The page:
I don’t whaaaaanna . . .


I don’t feel like writing, but I’m going to anyway. This might have something to do with the fact that I was curled up on the sofa “watching” TV until 5:30 this morning. I ended up going to bed with a headache and endured a further half hour of hallucinations because I was exhausted – I saw a semi-translucent spider hanging above my head and my husband’s dressing gown started moving of it’s own accord, which I can assure you is not as entertaining as it sounds. When I closed my eyes I saw shapes and colours that made no sense and every little sound was a mini explosion in my brain. I’m not crazy, at least not in a clinical sense; I suffer with insomnia and have difficulty falling and staying alseep. It’s been a long time since I had a full night of unbroken, quality slumber and when you don’t have it regularly it becomes the holy grail.

Fatigue affects your brain in the most bizarre ways.  I haven’t found a way to harness the side effects of fatigue and I’ve yet to see the benefits of insomnia, other than more time to write. Mostly a bad night puts me off my game for a couple of days and I find myself becoming resentful of the writing process. But I know if I stop writing it will be so much harder to initiate the process when I do feel up to it. The result is rarely award winning and sometimes my ramblings make no sense, but I keep writing to keep the creative joints moving.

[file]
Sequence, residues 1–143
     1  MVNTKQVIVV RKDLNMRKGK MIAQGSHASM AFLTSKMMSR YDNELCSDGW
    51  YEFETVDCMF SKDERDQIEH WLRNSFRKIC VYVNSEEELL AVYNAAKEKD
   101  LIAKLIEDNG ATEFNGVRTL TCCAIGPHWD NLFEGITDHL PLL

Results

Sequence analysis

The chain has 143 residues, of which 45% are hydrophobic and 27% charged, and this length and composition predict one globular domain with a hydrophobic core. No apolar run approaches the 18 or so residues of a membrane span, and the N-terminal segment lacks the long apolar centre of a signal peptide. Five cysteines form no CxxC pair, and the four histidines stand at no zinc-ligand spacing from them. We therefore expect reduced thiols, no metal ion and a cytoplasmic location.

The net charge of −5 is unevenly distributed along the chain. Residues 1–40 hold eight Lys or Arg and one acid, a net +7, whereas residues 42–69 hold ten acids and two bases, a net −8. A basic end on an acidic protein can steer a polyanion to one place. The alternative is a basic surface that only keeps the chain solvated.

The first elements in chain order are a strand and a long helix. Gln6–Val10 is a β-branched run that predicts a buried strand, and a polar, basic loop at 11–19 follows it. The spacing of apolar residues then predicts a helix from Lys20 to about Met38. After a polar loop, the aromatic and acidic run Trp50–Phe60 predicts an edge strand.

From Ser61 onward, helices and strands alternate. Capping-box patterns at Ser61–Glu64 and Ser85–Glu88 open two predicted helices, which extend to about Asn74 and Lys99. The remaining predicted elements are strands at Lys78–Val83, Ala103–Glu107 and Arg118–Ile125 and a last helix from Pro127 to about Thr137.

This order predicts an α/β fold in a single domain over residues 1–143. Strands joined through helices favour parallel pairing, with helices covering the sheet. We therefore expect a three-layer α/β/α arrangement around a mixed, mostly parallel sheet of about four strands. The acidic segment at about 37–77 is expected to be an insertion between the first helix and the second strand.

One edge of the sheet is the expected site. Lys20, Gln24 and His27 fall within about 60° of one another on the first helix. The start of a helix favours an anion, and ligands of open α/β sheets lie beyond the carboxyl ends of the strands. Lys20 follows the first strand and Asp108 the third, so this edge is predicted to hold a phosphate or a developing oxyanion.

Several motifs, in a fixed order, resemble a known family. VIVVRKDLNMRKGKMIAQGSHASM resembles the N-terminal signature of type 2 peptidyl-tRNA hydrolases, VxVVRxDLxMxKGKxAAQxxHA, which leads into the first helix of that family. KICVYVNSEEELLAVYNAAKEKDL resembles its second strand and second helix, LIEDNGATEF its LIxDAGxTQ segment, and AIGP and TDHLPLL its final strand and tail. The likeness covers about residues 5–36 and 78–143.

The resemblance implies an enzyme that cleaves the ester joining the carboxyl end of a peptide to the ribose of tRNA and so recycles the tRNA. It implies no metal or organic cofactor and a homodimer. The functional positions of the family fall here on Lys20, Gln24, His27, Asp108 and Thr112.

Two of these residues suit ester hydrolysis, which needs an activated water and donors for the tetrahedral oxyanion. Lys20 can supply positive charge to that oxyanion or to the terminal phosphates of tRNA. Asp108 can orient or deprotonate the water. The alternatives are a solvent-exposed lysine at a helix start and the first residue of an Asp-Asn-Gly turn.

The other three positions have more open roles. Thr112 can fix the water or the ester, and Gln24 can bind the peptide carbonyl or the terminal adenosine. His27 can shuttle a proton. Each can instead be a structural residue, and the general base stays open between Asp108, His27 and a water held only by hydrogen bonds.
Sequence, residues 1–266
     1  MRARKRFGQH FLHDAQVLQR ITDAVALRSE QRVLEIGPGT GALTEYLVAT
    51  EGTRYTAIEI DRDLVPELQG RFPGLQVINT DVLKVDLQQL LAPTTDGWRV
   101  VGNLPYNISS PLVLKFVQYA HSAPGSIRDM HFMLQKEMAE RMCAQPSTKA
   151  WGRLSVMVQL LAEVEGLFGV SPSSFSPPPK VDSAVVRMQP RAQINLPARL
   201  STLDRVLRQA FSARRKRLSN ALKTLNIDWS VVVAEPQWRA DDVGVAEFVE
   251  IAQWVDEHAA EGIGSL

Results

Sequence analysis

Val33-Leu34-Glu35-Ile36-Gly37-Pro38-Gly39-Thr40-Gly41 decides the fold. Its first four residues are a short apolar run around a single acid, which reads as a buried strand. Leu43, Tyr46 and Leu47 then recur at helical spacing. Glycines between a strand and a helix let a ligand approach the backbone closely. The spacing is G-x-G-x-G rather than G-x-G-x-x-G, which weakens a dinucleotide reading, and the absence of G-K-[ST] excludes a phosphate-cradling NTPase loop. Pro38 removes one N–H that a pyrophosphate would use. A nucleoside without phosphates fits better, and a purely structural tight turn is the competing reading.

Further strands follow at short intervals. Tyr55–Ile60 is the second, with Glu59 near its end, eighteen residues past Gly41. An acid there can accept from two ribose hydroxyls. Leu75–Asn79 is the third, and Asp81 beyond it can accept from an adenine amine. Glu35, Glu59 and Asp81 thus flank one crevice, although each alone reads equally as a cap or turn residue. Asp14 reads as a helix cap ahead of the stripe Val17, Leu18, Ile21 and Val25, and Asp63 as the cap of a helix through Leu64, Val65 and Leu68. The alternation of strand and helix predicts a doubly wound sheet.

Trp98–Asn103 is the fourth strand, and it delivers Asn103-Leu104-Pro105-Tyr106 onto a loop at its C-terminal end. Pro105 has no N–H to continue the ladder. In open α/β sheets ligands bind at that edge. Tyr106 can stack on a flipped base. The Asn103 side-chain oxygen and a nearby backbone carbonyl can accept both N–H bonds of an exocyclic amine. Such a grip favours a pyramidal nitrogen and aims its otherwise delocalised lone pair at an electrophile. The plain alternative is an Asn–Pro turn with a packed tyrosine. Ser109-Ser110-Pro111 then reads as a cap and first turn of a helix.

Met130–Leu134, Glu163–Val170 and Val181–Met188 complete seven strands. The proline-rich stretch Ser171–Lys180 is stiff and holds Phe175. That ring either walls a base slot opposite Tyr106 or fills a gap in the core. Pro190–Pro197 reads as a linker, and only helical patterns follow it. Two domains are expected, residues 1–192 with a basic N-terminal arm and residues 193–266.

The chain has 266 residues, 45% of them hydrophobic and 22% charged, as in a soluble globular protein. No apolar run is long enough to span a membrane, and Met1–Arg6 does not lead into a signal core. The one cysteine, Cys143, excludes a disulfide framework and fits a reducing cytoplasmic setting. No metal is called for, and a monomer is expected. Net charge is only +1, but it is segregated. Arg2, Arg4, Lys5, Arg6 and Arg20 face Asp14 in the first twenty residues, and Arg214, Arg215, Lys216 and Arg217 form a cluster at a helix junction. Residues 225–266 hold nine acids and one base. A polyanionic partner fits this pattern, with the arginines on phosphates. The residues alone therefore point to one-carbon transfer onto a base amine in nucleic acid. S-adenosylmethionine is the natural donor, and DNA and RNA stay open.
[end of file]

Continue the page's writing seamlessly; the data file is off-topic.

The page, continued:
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About Sharon

Writer, bibliophile, dreamer and student of everything
This entry was posted in JOURNAL ENTRY, ME ON WRITING and tagged , , , , . Bookmark the permalink.

4 Responses to I don’t whaaaaanna . . .

  1. insider53 says:

    I have suffered with insomnia for years and it sucks. You have my sympathy. I have never hallucinated though even after 4 days with either no sleep or only 1 or 2 hours a night.

    • thesunlitdesk says:

      Four days without sleep, I feel for you. My mother says I’ve always been susceptible to hallucinations on account of my overcharged imagination. I’ve always had vivid dreams, so I liken them more to waking dreams – it doesn’t sound so nutty when described that way.

  2. You might be like me. My best ideas are first thing in the morning, and I jump out of bed to jot them down before they get away.

    Sometimes though, I wake up in the middle of the night. My wife says I write in my sleep. I guess it just breaks through and wakes a body up.

    Dr. B

    • thesunlitdesk says:

      I’m envious of anyone who can jump out of bed in the morning. I’m more like the creature that crawled out of the sea – a little curious, a little confused, but mostly feeling very heavy. I know what you mean about the morning rush of ideas though. Perhaps the brain is at its best then.

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